Posted: Mon 27th Sep 2021

Updated: Mon 27th Sep

Half of people in Wales ate more unhealthily in lockdown to cheer themselves up – New study by YouGov/Welsh Government for Help Us Help You campaign

Business, in Wales.
This article is old - Published: Monday, Sep 27th, 2021

ALMOST half of people in Wales ate more unhealthily in lockdown to cheer themselves up.

A report by YouGov in support of the Welsh Government’s Help Us, Help You campaign also revealed more than a third of 1,000 people surveyed nationwide had put on weight, with 10% gaining 1.5 stone or more.

And a staggering 65% admitted to doing less exercise during the pandemic, despite 77% wishing they had done more while in self-isolation.

Medical chiefs are urging people to access the vast range of resources and support available to them in a bid to reverse the trend and combat potential serious illness and conditions such as obesity and heart problems.


If you want advice on how to take the first steps in your journey to a healthier lifestyle, go to the Living and Feeling Well pages on the NHS 111 Wales website.

TV presenter and cookery writer Beca Lyne-Pirkis – a Healthy Weight Cymru Ambassador – urged anyone concerned about a decline in their wellbeing in past months to make simple alterations to their lifestyle, including more sleep, being active and eating well.


“It’s not always easy to exercise regularly and eat healthily, and many have found recent lockdowns especially tricky,” said Beca.

“But even small changes can make a big difference to your health and make you feel better too.

“There is lots of information and advice on how to take more exercise, eat better and improve your wellbeing on the Living and Feeling Well pages on the NHS 111 Wales website.”

Of those people who put on weight the average Welsh gain was 5.5kg or 12lbs per person, rising to 6.1kg or nearly a stone in North Wales.


Rich Blake, a personal trainer and Workplace Resilience and Wellbeing Master Practitioner (WRAW MP) from Dwygyfylchi, near Conwy, believes the synergy between mental and physical health is pivotal in helping people to improve their resilience and get in shape.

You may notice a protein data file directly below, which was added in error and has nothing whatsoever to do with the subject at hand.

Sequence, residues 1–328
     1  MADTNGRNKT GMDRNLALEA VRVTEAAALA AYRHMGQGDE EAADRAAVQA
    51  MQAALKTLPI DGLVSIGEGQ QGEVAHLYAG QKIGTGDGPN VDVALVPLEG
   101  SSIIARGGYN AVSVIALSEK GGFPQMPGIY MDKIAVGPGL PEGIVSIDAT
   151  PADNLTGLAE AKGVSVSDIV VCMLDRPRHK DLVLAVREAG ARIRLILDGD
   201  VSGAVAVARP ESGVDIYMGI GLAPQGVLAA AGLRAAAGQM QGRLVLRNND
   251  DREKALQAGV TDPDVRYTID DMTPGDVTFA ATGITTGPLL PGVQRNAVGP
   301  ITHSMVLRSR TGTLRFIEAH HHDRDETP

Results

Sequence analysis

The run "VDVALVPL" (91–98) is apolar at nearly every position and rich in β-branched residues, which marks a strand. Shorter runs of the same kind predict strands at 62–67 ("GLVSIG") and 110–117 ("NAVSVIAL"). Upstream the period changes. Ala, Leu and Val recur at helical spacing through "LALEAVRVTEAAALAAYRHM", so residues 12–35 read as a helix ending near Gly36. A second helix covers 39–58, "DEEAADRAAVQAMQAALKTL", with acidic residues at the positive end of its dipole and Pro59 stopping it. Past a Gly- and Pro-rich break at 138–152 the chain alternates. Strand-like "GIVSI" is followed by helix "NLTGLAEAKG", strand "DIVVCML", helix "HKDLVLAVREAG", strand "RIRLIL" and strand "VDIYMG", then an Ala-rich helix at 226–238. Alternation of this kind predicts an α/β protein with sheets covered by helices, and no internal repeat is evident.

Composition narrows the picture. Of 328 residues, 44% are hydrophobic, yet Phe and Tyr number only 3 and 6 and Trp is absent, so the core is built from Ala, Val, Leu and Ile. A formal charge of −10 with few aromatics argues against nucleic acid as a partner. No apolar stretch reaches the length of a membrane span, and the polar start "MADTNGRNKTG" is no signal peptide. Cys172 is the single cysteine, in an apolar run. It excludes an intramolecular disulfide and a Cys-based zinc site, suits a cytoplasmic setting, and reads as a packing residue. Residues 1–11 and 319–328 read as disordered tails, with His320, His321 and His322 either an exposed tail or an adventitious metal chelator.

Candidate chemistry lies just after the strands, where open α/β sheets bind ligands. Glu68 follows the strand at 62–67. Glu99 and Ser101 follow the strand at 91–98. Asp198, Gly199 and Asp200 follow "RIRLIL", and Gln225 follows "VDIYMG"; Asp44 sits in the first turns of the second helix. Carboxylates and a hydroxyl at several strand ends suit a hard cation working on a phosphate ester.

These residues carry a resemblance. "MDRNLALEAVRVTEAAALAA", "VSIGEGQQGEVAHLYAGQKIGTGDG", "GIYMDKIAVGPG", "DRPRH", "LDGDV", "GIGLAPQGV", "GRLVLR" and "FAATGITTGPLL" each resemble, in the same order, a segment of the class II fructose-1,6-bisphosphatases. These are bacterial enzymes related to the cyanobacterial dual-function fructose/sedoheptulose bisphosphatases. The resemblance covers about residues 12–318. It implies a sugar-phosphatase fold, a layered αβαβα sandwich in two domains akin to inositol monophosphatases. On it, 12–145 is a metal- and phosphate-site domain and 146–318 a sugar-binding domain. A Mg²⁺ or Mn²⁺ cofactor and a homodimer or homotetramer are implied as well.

“From my experience it is important not to create pressure, stress and unrealistic expectations when trying to lose weight, especially after such a tough time for everyone,” said Rich.

“Simple and slow is key, setting small challenges – one thing a week, not 20 – and measuring the results to build confidence.

“If you take things one step at a time it’s surprising how quickly new habits add up and how much longer they last.”

One person who took that advice was Ali Yates, an Operations and Programme Manager for Sport Wales, based at Plas Menai Watersports Centre, Caernarfon.


An outdoor instructor for more than 20 years, Ali had struggled with her weight going into lockdown in 2020 and her new desk-based role limited time previously spent being active.

Now aged 45, she lost a stone during lockdown and is aiming to shed more after exercising more during the pandemic, notably cycling and stand-up paddleboarding.

“I realised lockdown could go one way or the other. I could either eat too much, drink too much and put on a stone. Or I could use the time as a good opportunity to get fitter and lose a stone – I chose the latter,” said Ali.


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